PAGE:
The Pet Food Ingredient Game
About 25 years ago I began formulating pet foods at a time when the entire pet food industry seemed quagmire and focused on such things as protein and fat percentages without any real regard for ingredients. Since boot leather and soap could make a pet food with the “ideal” percentages, it was clear that analytical percentages do not end the story about pet food value. I was convinced then, as I am now, that a food can be no better than the ingredients of which it is composed. Since this ingredient idea has caught on in the pet food industry, it has taken on a commercial life that distorts and perverts the meaning of the underlying philosophy of food quality and proper feeding practices. Is health reducible to which ingredients a commercial product does or does not have? As contradictory as it may seem to what I have just said, no it is not. Here’s why.
The official Publication of the American Association of Feed Control Officials (AAFCO) gives wide latitude for ingredients that can be used in animal foods. As I have pointed out in my book, The Truth About Pet Foods, approved ingredients can include*:
undried processed animal waste products
polyethylene roughage replacement (plastic)
hydrolyzed poultry feathers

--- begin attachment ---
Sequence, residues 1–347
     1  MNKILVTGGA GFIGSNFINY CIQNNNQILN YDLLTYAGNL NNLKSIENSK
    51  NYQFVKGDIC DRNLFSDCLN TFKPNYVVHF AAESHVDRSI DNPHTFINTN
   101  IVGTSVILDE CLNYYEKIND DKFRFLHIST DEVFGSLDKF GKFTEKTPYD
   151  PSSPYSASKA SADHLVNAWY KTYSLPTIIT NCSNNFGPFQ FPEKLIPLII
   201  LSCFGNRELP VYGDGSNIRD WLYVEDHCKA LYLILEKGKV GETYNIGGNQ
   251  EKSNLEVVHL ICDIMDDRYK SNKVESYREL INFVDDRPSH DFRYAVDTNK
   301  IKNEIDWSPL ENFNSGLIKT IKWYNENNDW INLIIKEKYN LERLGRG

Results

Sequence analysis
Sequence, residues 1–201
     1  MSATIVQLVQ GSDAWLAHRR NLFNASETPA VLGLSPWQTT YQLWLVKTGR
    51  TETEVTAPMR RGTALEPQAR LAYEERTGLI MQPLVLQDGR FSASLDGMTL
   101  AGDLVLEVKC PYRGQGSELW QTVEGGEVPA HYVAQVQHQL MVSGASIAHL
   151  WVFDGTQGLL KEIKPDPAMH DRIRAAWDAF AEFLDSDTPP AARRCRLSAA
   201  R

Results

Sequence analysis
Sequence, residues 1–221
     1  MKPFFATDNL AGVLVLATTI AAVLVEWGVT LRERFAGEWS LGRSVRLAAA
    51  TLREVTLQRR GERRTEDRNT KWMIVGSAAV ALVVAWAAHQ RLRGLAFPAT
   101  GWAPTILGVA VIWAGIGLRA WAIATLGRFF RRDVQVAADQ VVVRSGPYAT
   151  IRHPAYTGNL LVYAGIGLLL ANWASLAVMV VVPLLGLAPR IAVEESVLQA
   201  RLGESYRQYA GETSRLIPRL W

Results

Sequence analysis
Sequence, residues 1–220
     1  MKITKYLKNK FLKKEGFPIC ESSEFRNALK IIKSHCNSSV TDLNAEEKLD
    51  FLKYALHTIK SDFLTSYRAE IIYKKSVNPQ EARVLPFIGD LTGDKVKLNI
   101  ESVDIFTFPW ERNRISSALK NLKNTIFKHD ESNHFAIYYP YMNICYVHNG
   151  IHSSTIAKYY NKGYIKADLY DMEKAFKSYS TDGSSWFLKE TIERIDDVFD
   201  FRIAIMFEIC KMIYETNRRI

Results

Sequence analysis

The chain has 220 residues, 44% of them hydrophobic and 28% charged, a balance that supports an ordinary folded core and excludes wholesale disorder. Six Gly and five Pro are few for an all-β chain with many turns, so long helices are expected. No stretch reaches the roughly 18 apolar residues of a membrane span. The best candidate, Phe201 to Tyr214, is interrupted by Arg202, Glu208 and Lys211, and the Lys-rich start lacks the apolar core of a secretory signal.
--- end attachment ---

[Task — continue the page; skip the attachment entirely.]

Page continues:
hydrolyzed leather meal
poultry hatchery by-product
meat meal tankage
ground almond shells
(*Association of American Feed Control Officials, 1998 Official Publication)
Simultaneously, this same regulatory agency prohibits the use of many proven beneficial natural ingredients that one can find readily available for human consumption such as bee pollen, glucosamine, L-carnitine, spirulina and many other nutraceuticals. It would be easy to conclude that reason does not rule when it comes to what officially can or cannot be used in pet foods.
From the regulators’ standpoint, they operate from the simplistic nutritional idea that the value of food has to do with percentages and that there is no special merit to any particular ingredient. They deny the tens of thousands of scientific research articles proving that the kind of ingredient and its quality can make all the difference in terms of health. They also are silent about the damaging effect of food processing and the impact of time, light, heat, oxygen and packaging on nutritional and health value.